Starting April 8, 2015, employers who do business with the federal government may not discriminate against applicants and employees on the basis of sexual orientation or gender identity.
"It's not 'P.C.' to say this, but..." Thank you for this helpful preface alerting me to the fact that I can spend the next 30 seconds fantasizing about "Star Trek" without missing anything important.
While the Gospel of Diversity is being preached in press conferences, public speeches, corporate workshops and seminars across the country, little attention is paid to the conflicting values and faulty assumptions implicit these discussions.
Currently, there is no U.S. federal law that adequately protects lesbian, gay, bisexual, and transgender (LGBT) workers from employment discrimination. But King has no plans to retire, at least not off the court.
Without a doubt, 2014 has been a busy year for the law on pregnancy discrimination, with the Supreme Court, federal courts, states and the media getting into the act.
The recent mid-term elections marked a blazingly clear reversal of fortune for the Democrat and Republican political agendas. What's less obvious is how the reverberations will affect the LGBT (lesbian, gay, bi-sexual and transgender) movement.
The Supreme Court won't tell us until next year whether it will limit a law intended to help pregnant women at work, but it gave some clues last week.
Workplace harassment is a particularly serious and growing phenomenon. Yet, in most countries, there is little awareness and even less so legal protection against it.
Not only am I still convinced that feminism has a purpose and should be discussed, but I think that initiatives for women's empowerment could hold a lot of promise for ameliorating the issues faced by persons with disabilities in the workplace.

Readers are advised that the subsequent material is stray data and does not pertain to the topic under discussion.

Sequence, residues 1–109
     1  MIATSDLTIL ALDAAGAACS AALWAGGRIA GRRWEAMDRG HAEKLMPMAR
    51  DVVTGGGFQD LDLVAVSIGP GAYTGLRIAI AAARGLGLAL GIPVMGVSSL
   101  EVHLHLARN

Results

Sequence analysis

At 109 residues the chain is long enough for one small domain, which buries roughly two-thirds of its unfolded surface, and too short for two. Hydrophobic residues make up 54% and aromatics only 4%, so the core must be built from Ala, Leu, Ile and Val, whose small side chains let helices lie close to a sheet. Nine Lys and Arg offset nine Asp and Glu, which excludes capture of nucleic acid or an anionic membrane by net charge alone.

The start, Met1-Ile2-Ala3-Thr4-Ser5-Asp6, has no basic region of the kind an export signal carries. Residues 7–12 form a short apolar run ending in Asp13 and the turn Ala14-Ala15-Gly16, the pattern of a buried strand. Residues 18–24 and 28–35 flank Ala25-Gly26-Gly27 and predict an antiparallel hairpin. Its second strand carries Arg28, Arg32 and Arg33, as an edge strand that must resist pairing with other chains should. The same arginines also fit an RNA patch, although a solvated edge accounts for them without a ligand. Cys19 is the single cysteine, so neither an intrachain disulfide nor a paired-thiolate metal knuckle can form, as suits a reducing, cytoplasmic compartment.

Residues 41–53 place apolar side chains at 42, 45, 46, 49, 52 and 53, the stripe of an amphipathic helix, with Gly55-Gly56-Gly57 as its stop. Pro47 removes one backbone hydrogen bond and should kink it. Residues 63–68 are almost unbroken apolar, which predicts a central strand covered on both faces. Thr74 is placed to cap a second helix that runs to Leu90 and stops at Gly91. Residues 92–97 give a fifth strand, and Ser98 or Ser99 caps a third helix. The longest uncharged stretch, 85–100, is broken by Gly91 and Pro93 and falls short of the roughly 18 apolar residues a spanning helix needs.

The Equal Pay Act doesn't seem to be working very well. In the United States today, mothers are the primary or sole breadwinners in more than 40 percent of families. They work for the same reasons men do and merit the same pay.
Whether at school or in public spaces, many LGBT youth don't feel safe and continue to face disgraceful levels of discrimination (and some don't feel safe at home, either). But when they enter the workforce, disadvantages persist.
I'm settled into the first stability I have ever had as an adult. I have been living in the same place for the longest time since I left my childhood home. I am mostly glad I decided to live, and vastly grateful that I managed to pay into Social Security every year from the age of 15 to the age of 53. Most of all, it is good to live without hiding.
It's time to ensure that workplaces, individuals, and societies are guarded against any actions, behaviors, policies, procedures, or laws that prevent anyone from having a fair and unrestricted opportunity for success.
We urge the next Congress to introduce a comprehensive bill that addresses discrimination in employment, housing, and public accommodations like the comprehensive laws we have passed in many states.
For the "Proud Whopper" promotion to have been meaningful, Burger King should have gotten its own workplace practices in order before preaching equality to others.
Understanding these fundamentals about Afro-textured hair will help the U.S. military, schools and employers acknowledge that natural Black hair has a morphological difference that requires different needs than other ethnic groups.